Thursday, 25 July 2013

Of Monsters and Men get their Own Whiskey

Diageo’s Irish whiskey brand Bushmills has created a bespoke blend for Icelandic band Of Monsters and Men, which headlined its Bushmills Live festival last month.


The Spirits Business did a story on OMAM and the Whiskey

“Like Of Monsters and Men, the Old Bushmills Distillery prides itself in handcraftsmanship”, said Master Destiller Colum Egan.

“The Icelandic band’s craft is music and Bushmills’ is whiskey. The creation of the new liquid recognises the centuries-old qualities of making things by hand.” 



The 23-year old whiskey is a blend of liquid aged in Sherry and Bourbon barrels laid down in 1987, 1989 and 1990 – the years the band members were born.

“Age is really important when making a great whiskey,” Egan added. “Over time the wood influences the liquid resting inside it and creates amazing flavours that we use to make great whiskey. We wanted to use this theme of age to celebrate Of Monsters and Men as the headliners of Bushmills Live 2013.” 


Of Monsters and Men headlined Bushmills Live on 19-20 June 2013, which also featured performances from Jake Bugg, Willy Mason, Sons and Lovers, Bear’s Den, Foy Vance, Iain Archer and emerging artists David C Clements and VerseChorusVerse.


Of Monsters and Men is a five-piece, English-language, indie folk/pop band from Iceland, formed in 2010. The members are lead singer/guitarist Nanna Bryndís Hilmarsdóttir, co-singer/guitarist Ragnar "Raggi" Þórhallsson, guitarist Brynjar Leifsson, drummer Arnar Rósenkranz Hilmarsson and bassist Kristján Páll Kristjánsson.




The band won the Músíktilraunir in 2010, an annual battle of the bands competition in Iceland. In 2011, Of Monsters and Men released an EP titled Into the Woods. The band's debut album My Head Is an Animal (2011), reached the No.1 position in Australia, Iceland, Ireland and the US Rock and Alternative Charts, while peaking at No. 6 on the US Billboard 200 album chart, No. 3 in the UK, and Top 20 of most European charts and Canada. Its lead single "Little Talks" was an international success, reaching the Top 10 in most music charts in Europe, including No.1 in Ireland and Iceland, and No. 1 on US Alternative Songs.


Source: News of Iceland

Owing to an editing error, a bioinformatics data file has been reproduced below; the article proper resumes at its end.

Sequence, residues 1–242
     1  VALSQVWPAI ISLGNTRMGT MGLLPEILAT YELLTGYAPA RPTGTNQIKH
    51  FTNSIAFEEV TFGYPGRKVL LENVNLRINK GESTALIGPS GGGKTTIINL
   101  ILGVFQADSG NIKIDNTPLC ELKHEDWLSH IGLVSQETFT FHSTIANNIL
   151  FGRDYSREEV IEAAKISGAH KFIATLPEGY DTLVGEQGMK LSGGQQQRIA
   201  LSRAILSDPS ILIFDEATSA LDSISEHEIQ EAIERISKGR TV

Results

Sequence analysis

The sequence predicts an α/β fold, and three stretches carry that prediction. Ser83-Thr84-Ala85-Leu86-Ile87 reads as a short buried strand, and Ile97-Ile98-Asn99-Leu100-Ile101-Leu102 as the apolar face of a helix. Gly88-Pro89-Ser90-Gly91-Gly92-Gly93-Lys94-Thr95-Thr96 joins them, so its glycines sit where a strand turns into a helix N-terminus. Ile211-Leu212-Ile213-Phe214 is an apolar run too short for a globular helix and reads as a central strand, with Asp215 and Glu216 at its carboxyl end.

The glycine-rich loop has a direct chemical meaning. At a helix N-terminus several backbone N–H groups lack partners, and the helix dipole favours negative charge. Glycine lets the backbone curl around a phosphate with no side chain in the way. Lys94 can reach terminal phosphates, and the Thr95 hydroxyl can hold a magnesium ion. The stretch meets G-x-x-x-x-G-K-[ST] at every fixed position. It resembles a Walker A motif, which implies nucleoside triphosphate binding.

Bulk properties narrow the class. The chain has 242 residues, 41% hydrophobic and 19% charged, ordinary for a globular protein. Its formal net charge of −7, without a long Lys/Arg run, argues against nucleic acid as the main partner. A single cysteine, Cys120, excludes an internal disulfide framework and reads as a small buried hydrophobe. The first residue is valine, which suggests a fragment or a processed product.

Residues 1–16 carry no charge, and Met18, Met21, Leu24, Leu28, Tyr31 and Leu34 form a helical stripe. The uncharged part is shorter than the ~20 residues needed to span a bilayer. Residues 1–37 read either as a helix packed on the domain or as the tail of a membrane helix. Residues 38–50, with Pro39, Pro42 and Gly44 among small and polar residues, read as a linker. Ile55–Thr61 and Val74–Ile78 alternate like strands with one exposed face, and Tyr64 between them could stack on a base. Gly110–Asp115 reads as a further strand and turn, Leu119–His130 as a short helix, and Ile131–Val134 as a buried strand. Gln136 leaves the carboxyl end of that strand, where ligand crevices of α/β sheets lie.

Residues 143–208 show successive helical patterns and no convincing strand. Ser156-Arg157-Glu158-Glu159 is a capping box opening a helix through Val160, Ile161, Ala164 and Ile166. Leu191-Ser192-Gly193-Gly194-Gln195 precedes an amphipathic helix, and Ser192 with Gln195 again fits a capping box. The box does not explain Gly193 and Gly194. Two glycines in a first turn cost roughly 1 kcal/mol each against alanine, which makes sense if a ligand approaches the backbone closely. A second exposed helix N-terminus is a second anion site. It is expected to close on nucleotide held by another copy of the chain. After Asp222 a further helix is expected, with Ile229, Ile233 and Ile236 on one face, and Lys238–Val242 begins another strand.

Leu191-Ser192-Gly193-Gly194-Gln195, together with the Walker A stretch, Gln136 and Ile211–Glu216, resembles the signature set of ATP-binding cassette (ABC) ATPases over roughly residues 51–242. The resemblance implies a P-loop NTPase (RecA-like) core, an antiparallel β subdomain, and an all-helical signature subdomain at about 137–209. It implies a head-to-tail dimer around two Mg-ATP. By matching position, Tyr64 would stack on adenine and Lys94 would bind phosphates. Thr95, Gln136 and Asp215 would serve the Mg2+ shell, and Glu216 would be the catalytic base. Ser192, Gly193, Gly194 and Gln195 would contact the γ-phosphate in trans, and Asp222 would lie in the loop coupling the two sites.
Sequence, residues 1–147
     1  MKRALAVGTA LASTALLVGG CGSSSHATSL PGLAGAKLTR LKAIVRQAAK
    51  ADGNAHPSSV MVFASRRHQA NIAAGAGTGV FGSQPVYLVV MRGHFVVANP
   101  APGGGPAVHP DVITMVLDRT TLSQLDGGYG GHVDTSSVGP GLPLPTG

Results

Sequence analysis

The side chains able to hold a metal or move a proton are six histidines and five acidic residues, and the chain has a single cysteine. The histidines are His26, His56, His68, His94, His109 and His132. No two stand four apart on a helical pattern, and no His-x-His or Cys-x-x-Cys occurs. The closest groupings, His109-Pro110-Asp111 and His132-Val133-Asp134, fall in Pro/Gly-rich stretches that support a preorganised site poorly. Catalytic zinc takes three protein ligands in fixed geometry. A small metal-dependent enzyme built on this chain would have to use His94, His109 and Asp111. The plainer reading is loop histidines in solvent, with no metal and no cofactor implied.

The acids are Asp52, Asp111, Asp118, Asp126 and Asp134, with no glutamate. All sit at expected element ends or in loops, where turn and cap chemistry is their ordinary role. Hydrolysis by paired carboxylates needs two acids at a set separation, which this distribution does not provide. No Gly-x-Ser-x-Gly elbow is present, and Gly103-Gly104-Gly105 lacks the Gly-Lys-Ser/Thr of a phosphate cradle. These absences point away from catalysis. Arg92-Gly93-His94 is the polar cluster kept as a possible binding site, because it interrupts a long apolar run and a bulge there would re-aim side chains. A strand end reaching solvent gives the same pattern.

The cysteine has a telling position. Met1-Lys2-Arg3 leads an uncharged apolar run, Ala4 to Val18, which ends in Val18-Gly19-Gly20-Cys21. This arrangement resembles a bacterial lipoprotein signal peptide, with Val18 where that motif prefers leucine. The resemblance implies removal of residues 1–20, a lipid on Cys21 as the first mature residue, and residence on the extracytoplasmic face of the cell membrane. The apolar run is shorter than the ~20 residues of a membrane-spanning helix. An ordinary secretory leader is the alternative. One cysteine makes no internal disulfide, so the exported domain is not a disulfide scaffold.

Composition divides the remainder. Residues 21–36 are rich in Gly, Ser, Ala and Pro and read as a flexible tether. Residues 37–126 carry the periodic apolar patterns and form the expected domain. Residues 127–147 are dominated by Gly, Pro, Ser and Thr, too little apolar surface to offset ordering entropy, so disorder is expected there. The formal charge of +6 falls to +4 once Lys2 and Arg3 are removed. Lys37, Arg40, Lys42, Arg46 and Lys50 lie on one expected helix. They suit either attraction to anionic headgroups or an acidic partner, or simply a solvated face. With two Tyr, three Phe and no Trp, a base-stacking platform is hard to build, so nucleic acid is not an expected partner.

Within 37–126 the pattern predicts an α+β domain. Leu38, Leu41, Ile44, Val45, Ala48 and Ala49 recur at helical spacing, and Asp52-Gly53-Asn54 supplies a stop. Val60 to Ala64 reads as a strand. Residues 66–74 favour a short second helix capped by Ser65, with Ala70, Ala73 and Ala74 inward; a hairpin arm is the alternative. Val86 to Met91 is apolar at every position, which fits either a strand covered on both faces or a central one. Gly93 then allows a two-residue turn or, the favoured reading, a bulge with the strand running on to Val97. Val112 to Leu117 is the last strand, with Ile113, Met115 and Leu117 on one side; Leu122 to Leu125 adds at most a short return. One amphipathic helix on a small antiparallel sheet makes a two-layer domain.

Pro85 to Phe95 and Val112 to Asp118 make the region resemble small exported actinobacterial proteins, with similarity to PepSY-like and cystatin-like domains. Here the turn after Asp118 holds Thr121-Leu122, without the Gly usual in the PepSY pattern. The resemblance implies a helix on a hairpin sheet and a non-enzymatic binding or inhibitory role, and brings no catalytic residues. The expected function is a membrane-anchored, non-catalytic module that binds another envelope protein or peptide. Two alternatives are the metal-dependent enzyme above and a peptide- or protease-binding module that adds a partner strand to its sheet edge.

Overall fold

Iceland24, July 2013

Friday, 19 July 2013

Car Rental in Iceland + Car comparison + Tips - Car Hire Article

With public transportation being scarce outside major cities like Reykjavik, renting a car becomes the cheaper and most viable option for tourists to explore the island fully. Though it may seem expensive initially, it is much cheaper and less strenuous than having to purchase a car or travel by bus. With plenty of car rental companies in Iceland at your disposal, you will never fail to get a deal that suits your budget.


The wide array of vehicles available for hire also makes it possible for you to get a car that can take you almost anywhere on the island from SUVs, four wheel cars, luxury cars, 4×4 rental cars and jeeps just to mention a few. In this article, we give you some tips on picking an Iceland car rental provider as well as taking a look at some of the best car rental companies on the island.

CAR COMPARISON BY PRICE 
August 25th to September 1st (7 days)
Pick up: Hotel in Keflavík
Drop off: Hotel in Keflavík

Option A - New cars:

HERTZ
http://www.hertz.com
Toyota Aygo                                487,20€
Toyota Rav4                                907,1€

REYKJAVÍK CARS
http://www.reykjavikcars.com
Hyundai i10:                                   308€
Suzuki Grand Vitara 4x4:               490€ (free GPS)

EUROPCAR
http://www.holdur.is/en
Volkswagen Polo:                          501,2€
Kia Sorento 4x4:                            920,1€

AVIS 
www.avis.is
Hyundai i10:                                    432€
Suzuki Grand Vitara 4x4:               969€

REYKJAVÍK AUTO
www.reykjavikauto.com
Renault Clio:                                  330€
Dacia Duster 4x4:                           470€

BUDGET
http://www.budget.is
Hyundai i10:                                    369€
Suzuki Grand Vitara 4x4:               721€

CARS ICELAND
http://www.carsiceland.com
Kia Ceed:                                        340€
Dacia Duster 4x4:                           495€


Option B - Old cars:

AUTO ICELAND
http://www.autoiceland.com
Hyundai i10:                                    432,8€
Toyota Rav4 4x4:                            982€

SADCARS
http://sadcars.com/en
Toyota Yaris:                                  482,34€
Toyota Rav4 4x4:                            875,2€

ICELAND CAR RENTAL
http://www.icelandcarrental.is
Hyundai i10:                                 551,8€
Toyota Rav4:                                853,2€

GEYSIR
http://www.geysir.is
Hyundai i10:                                 444,8€
Hyundai Tucson 4x4:                   789,2€

REYKJAVÍK CARS 
Hyundai i10:                                   308€
Suzuki Grand Vitara 4x4:               490€ (new car + free GPS)

ROUTE 1 CAR RENTAL
http://www.route1carrental.is/
Toyota Yaris:                                502,5€ 
Suzuki Grand Vitara 4x4:             849,2€


Renting a car is really the best and only way to see the country so be sure to factor it into your budget. We went there thinking we would just take a bus to other areas -wrong. The only buses that exists outside the capital city of Reykjavik are tour buses. So technically you can take a bus but you will pay for it because it will be part of an organized tours and it will add up fast. If you are traveling with another person a car is the cheapest way to see the country. Plus, driving in Iceland is very easy and there isn’t much traffic.